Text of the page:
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pounds more, by the same tokev he owed him called The Seven Deadly Sins: the already fiué pounds. “ Pray tal your mas- piece itself is supposed to have been ter (quoth Tarlton) that if he will send me lost, but Mr. Malone recovered the the token, I will send him the money for plan or scheme of it, which he printwho deceiues me once, God forgiue him: ed in bis Supplement to Shakspeare, if twice, God forgiue him: but if thrice; 8vo. 1780, and which has since been God forgiue him, but not me, because I could not beware.
appended to the History of the Stage Tarlton died in 1588, and was bu- prefixed to the variorum editions of ried at St. Leonard's, Shoreditch, on
our great bard, who was thought by the 3d of September.* In August
Mr. Malone to have been one of the 1589, Kyrkham, the stationer, had performers in Tarlton's drama. license to print “ A Sorrowfull newe
Tarlton is thus described by Henry
Chettle in Kind Heartes Dreame, Sonnette, intitled Tarlton's Recanta
4to. 1592. tion, vpon this theame, gyuen him by of russet, his buttoned cap, his taber,
“ The next by his sute a gent. at the Bel Savage without Ludgate (nowe or els neuer) beinge trickes, I knew to be either the body
his standing on the toe and other the laste theme he songe.'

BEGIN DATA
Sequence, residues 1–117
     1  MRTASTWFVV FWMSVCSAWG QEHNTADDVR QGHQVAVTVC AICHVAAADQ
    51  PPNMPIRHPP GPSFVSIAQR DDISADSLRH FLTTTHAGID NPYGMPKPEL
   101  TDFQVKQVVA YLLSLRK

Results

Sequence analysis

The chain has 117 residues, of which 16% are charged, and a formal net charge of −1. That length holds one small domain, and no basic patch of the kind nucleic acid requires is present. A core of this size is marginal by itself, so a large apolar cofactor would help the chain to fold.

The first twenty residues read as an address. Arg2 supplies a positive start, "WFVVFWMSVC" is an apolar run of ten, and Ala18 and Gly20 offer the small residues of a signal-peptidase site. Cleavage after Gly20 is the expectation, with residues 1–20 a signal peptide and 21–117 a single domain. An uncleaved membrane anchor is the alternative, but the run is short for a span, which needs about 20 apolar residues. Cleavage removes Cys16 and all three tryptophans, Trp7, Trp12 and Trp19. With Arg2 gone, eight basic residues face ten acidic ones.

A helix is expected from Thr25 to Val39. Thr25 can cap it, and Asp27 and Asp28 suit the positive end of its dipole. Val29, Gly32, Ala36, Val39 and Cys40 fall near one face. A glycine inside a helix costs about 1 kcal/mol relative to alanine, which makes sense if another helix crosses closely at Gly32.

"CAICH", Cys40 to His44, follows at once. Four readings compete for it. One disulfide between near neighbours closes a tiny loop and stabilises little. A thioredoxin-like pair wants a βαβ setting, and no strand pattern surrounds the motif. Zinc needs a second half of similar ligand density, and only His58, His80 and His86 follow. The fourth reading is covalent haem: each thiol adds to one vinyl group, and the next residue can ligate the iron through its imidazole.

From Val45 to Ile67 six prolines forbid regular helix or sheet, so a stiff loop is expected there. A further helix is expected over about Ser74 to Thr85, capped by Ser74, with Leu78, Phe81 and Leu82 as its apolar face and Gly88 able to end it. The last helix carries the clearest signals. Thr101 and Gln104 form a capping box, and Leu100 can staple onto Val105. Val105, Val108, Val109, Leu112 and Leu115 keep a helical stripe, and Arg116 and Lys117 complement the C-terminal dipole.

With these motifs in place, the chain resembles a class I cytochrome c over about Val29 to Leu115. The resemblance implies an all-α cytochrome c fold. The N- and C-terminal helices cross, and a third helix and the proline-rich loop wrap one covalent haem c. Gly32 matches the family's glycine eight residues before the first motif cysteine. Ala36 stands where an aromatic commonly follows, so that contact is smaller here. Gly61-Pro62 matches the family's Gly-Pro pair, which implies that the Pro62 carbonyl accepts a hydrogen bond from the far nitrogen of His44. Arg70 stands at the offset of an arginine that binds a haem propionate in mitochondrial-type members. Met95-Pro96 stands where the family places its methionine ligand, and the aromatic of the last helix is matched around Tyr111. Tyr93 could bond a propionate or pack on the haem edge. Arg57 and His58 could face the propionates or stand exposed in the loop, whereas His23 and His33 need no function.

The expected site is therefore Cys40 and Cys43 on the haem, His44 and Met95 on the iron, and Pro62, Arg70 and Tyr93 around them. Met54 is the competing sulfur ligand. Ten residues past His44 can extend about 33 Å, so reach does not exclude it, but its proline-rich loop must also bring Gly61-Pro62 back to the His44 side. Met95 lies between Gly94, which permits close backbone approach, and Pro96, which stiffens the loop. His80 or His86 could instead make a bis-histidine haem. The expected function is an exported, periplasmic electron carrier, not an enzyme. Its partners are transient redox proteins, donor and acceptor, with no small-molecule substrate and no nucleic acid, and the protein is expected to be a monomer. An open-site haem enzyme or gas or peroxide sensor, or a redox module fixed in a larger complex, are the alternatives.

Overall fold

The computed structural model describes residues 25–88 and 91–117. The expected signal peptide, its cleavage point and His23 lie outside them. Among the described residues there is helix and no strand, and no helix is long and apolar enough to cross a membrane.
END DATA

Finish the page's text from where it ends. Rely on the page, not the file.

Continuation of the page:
These themes allude to a custom on the
or resemblance of Tarlton, who livstage much in vogue in Tarlton's ing, for his pleasant conceites was of time. When the play was over, or
men liked, and dying, for mirth
left not his like.” between the acts, it was permitted to any of the audience to propose certain
He had many epitaphs written on themes or subjects, to which the clown,
him. Camden gives us the following:+ or other performer, gave some hu- Hic situs est cujus vox. vultus, actio possit morous rejoinder : in one of the jests, Ex Heraclito reddere Democritum: we are told that it was Tarlton's and in Wits Bedlam, 8vo. 1617, we custome for to sing
have theames giuen him," and from another we learn a personal defect in Here within this sullen earth, this celebrated performer, which if it Lies Dick Tarlton, lord of mirth; did not add to his good looks, pro- Syth all clownes since haue beene his apes:
Who in his graue still laughing, gapes, bably heightened the drollery of his Earst, he of clownes to learne still sought, countenance :
But now they learn of him they taught. Tarlton's answer in dcfence of his flat nose.
By art far past the principall, I remember I was once at a play in the The counterfet is so worth all. country, where, as Tarlton's vse was, the
But the greatest curiosity relative play being done, euery one so pleased to
to Tarlton has lately been discovered. throw vp his theame. Amongst all the rest, It is a copy book, of various sorts of one was read to this effect, word by word: Tarlton, I am one of thy friends, and none
penmanship, executed on vellum, by of thy foes.
Davies of Hereford, one of the most Then I prethee tell how cam’st by that flat celebrated writing-masters of his day. rose ?